The UK has no plan for China. This post represents Guanlidao’s current summary of the UK Government’s trade policy towards China with specific interest in how this might influence cross-border M&A, VC investment, enterprise and technology exchange. Like most Guanlidao posts, it is updated from time to time to remain current..
“If the growing rivalry between China and the US is set to define the geopolitics of the next century, then the UK is asleep at the wheel. Today, London finds itself caught between the two powers … without so much as a plan” said The Banker on 24 September 2020.
“The UK needs a single, detailed document defining a national strategy towards China, endorsed at Cabinet level” (Clause 127) and “There does not appear to be a clear sense either across Government or within the FCO of what the overarching theme of a new policy towards China should be” (Clause 126). So concluded an inquiry by the UK Government’s Foreign Affairs Select Committee which started on 21 November 2017 and concluded 4 April 2019 and which serves as one of our best references on the UK’s China policy.
The bottom line from Guanlidao for all participants in M&A and VC investing is this: everything is viewed through the lens of “national interest” and “national security”. Trade is a mere subset of national security and the two things are talked of as one. This is most forcibly clarified by the National Security Strategy and Strategic Defence and Security Review 2015 Third Annual Report published July 2019 by the UK Government’s Cabinet Office. National Security is not defence or protection. Far from it. The UK’s National Security Objectives are: Protect Our People; Project Our Global Influence; and Promote Our Prosperity (Clause 1.4) with a strategy called “Fusion” which ensures that it embeds itself across every Government department. The rallying cry from the National Security Strategy and Strategic Defence and Security Review 2015 (SDSR), published 23 November 2015, re China was powerful: it cited three priorities for the coming five years which placed “Promote our prosperity, expanding our economic relationship with growing powers such as India and China, helping to build global prosperity, investing in innovation and skills, and supporting UK defence and security exports.” right up there with rules-based international law and dealing with terrorism. (Clause 1.4). That was 2015. The year of the Golden Era.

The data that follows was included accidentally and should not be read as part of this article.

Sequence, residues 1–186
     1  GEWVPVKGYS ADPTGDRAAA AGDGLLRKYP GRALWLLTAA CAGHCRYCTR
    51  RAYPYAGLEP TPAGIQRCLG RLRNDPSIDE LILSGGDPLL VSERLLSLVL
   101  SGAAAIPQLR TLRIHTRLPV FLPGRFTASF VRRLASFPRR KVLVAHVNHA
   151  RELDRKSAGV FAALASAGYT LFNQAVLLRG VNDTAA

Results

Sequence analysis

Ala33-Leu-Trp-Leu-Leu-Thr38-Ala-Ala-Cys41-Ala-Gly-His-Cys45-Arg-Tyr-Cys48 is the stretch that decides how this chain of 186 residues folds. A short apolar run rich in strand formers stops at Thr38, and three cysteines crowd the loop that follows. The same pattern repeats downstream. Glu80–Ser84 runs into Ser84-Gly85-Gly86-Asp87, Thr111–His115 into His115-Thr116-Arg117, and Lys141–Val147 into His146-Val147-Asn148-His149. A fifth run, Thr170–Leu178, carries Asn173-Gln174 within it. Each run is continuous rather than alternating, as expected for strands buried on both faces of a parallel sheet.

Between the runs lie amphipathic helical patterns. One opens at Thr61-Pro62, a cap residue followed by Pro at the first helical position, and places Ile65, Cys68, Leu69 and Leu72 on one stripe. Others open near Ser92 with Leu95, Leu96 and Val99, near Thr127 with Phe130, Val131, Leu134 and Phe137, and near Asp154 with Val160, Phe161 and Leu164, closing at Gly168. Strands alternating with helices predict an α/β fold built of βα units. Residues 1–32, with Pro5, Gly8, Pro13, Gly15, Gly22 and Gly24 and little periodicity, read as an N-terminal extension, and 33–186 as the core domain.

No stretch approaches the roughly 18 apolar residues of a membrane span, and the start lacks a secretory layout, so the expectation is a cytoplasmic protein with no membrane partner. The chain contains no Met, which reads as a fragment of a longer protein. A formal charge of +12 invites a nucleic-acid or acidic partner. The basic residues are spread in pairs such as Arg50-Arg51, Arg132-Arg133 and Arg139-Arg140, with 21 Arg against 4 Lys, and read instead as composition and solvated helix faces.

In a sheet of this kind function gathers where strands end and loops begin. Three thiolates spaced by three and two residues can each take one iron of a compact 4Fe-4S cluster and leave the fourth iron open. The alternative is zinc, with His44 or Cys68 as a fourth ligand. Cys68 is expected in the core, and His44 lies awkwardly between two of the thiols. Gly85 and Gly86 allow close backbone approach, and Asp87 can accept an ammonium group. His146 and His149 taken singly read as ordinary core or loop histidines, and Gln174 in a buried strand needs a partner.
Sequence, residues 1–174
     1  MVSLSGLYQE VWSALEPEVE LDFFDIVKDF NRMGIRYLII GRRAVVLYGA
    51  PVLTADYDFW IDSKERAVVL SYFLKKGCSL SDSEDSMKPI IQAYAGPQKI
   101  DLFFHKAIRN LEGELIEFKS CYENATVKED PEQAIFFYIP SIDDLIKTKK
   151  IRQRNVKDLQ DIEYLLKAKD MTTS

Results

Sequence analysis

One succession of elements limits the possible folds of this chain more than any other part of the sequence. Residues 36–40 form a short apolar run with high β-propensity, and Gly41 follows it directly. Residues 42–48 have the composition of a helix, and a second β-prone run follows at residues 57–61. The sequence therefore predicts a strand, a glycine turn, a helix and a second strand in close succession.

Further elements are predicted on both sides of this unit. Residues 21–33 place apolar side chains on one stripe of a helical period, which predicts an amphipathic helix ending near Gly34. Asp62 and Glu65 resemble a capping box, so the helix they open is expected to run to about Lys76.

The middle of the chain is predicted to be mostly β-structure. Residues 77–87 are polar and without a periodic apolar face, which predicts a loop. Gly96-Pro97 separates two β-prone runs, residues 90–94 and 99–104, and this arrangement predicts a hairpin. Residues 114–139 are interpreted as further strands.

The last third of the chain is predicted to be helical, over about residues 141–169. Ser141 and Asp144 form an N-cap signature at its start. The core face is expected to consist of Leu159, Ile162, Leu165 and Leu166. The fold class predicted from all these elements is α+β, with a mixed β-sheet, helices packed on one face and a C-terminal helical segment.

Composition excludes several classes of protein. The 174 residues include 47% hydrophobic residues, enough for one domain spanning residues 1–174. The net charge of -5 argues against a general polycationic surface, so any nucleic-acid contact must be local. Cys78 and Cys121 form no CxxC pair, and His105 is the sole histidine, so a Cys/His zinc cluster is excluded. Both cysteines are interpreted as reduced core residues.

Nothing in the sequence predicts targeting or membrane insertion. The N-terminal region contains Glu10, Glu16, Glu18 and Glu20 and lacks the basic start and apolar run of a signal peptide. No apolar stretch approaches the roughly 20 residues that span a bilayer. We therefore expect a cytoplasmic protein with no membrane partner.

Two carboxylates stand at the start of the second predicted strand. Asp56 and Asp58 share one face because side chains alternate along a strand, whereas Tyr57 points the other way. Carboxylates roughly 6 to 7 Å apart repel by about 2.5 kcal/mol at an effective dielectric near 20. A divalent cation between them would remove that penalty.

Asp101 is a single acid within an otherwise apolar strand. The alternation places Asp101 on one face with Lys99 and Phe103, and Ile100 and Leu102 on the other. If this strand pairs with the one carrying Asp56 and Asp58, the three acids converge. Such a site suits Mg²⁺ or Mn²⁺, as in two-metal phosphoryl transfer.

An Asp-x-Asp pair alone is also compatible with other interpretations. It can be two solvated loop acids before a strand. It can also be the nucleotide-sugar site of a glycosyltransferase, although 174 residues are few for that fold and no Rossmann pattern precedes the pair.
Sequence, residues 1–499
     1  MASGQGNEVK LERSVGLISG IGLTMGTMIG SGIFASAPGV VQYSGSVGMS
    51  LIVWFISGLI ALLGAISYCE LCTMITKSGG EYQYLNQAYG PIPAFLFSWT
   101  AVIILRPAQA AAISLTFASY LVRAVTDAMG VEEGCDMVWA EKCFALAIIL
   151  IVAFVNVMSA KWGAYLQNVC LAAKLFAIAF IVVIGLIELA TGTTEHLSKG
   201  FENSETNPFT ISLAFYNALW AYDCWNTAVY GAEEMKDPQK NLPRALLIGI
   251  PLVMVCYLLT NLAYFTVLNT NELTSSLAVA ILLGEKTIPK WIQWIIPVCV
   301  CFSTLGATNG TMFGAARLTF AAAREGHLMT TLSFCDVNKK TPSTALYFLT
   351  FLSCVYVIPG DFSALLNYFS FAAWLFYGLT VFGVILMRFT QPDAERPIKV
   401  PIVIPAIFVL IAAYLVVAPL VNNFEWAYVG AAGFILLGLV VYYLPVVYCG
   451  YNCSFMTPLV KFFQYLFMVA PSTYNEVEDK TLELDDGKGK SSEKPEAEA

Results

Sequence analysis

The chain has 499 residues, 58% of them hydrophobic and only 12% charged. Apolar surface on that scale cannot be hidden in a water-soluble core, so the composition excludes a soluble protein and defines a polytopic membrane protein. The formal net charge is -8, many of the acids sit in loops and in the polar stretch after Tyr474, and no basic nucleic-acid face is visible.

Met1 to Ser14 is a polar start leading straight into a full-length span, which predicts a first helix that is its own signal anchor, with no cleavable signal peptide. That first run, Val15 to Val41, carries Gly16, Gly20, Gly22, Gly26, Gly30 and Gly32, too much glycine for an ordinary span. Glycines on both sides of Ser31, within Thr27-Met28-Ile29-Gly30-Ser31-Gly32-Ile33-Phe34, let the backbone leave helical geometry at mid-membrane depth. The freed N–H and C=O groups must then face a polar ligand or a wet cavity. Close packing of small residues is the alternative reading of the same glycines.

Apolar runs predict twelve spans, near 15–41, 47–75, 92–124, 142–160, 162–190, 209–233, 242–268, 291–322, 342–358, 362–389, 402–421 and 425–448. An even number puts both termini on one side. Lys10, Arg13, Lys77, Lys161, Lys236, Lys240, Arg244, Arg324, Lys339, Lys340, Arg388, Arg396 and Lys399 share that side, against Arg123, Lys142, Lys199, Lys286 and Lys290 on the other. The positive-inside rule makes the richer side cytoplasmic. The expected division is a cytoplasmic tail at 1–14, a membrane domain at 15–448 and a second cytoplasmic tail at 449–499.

China’s Ambassador to the UK, said on 1 August 2020 “To our regret however, this relationship has recently run into a series of difficulties and faced a grave situation“. He also said some UK actions had “seriously poisoned atmosphere of China-UK relationship” He asks if the UK “see(s) China as an opportunity and a partner, or a threat and a rival? Does it see China as a friendly country, or a “hostile” or “potentially hostile” state?” (He said that the solution was respect, engage in mutually-beneficial cooperation and seek common ground – pretty much the ground that Guanlidao hopes to pursue),